Chemical-free is a myth says Chief Scientist; Dow CEO says business can save the world

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Today at the Centenary Chemistry Congress

Chemical-free is a myth, says Chief Scientist

It’s a sad era for chemistry when you can buy chemical-free water, in a chemical-free plastic bottle, to wash down your chemical-free pills, from your chemical-free pharmacist,” says Australia’s Chief Scientist Dr Alan Finkel.

More below.


  • Eliminating chemical weapons, His Excellency Mr Ahmet ÜzümcüDirector-General, Organisation for the Prohibition of Chemical Weapons (2013 Nobel Peace Prize winner)
  • Using carbs to fight superbugs—Wisconsin chemist Laura Kiessling on how we can use the carbohydrates that coat every living cell in the fight against antibiotic resistant superbugs
  • Sir Martyn Poliakoff (University of Nottingham) is in the Guinness Book of Records for the world’s smallest periodic table (carved into a hair from his head). He’s a star of the YouTube series The Periodic Table of Videos. And in his day job he’s working to use CO2, water and other supercritical fluids to replace toxic solvents in applications such as dry cleaning.

And from last night

Business can solve today’s intractable challenges says Dow CEO Andrew Liveris, but Australia is falling behind..

More below.

Chemical-free is a myth, says Chief Scientist

Nothing has been chemical-free since the Big Bang, says Chief Scientist Dr Alan Finkel. And an Australia without the products created by chemists would be a nightmare.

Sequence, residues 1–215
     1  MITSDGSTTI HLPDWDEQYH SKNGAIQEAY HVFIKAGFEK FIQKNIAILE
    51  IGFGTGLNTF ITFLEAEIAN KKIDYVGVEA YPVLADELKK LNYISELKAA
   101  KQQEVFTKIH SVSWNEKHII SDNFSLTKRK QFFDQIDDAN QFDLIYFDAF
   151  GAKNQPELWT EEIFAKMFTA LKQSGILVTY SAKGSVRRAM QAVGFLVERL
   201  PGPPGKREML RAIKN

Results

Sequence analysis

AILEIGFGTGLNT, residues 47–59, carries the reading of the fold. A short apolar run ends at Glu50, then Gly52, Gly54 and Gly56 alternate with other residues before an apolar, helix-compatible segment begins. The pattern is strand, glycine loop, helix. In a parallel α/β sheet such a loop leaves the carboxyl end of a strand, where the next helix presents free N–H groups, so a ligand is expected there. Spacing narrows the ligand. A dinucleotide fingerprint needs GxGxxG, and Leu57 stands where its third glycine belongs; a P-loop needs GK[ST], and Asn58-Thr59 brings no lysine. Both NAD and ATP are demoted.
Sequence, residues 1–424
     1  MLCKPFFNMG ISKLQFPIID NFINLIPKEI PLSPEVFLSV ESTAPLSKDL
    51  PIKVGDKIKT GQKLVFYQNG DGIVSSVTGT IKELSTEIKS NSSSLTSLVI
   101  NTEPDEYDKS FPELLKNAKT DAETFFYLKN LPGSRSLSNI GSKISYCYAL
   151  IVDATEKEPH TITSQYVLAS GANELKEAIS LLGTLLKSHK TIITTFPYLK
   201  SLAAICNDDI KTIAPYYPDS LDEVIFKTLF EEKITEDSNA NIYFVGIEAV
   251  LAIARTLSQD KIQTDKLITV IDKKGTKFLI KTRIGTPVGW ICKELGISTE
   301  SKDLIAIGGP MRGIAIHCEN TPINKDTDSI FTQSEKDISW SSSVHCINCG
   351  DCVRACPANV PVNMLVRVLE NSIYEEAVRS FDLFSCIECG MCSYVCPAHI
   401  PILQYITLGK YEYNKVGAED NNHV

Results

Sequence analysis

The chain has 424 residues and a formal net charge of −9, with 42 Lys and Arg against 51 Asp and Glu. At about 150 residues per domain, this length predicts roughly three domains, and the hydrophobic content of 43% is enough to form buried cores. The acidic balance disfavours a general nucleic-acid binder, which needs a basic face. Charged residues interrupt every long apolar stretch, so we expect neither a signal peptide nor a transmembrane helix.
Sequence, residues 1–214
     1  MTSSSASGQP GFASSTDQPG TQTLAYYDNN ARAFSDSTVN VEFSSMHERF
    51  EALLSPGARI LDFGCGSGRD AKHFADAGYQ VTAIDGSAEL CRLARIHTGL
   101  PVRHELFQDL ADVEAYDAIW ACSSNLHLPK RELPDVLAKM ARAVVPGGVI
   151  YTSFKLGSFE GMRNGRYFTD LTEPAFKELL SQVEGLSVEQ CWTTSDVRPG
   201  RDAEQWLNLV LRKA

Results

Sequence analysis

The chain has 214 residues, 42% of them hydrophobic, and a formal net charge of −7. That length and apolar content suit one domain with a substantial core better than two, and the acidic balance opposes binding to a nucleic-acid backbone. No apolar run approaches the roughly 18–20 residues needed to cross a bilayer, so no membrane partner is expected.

• The Sydney Harbour Bridge would rust
  • Vegemite would never have been invented
  • Our brilliant plastic banknotes would be paper
  • There’d be no Aerogard
  • No Speedos
  • No wine in casks, no white tiles on the Opera House, no zinc cream on Shane Warne’s nose, and no Haigh’s chocolate frogs.

Speaking at the RACI Centennial Chemistry Congress in Melbourne today Dr Finkel reminded delegates of some of the ways that chemists are improving lives, including: CSIRO’s paints for Boeing jetliners; cleaning up drug manufacture; identifying enzymes that allow certain worms to chomp through plastic; and turning bottles into fuels.

Dr Finkel presented a formula for impact, for chemists to continue to tackle and solve the big societal issues.


Business can solve today’s intractable challenges says Dow CEO Andrew Liveris, but Australia is falling behind

Business can help make the world a better place by driving the solutions to problems like climate change, food security and rising energy demand.

“I firmly believe that the companies who will lead the 21st century will be the ones that invent solutions to these mounting global challenges,” said Andrew Liveris, speaking last night at the RACI Centenary Chemistry Congress.

For Dow that’s meant developing a paint that removes toxic formaldehyde from the air, innovative packaging technologies that reduce food waste, and new methods of desalination that allow us to put more of the planet’s water to use.

Last year the company was awarded 754 US patents – eight times the number they were getting a decade ago.

“More and more companies are seeing that we can do well by doing good,” Andrew said.

But we also need governments to set smart regulatory and policy frameworks that enable innovation to flourish, and that’s not happening enough in Australia he said.

According to the World Economic Forum, Australia ranks 25th in the world when it comes to “business capacity for innovation”. And we’re also falling behind in our competitiveness in teaching young people maths and science.

Andrew says our quality of life will go backwards “if all we are is a farm, a hotel and a quarry”.

Speech and audio available at


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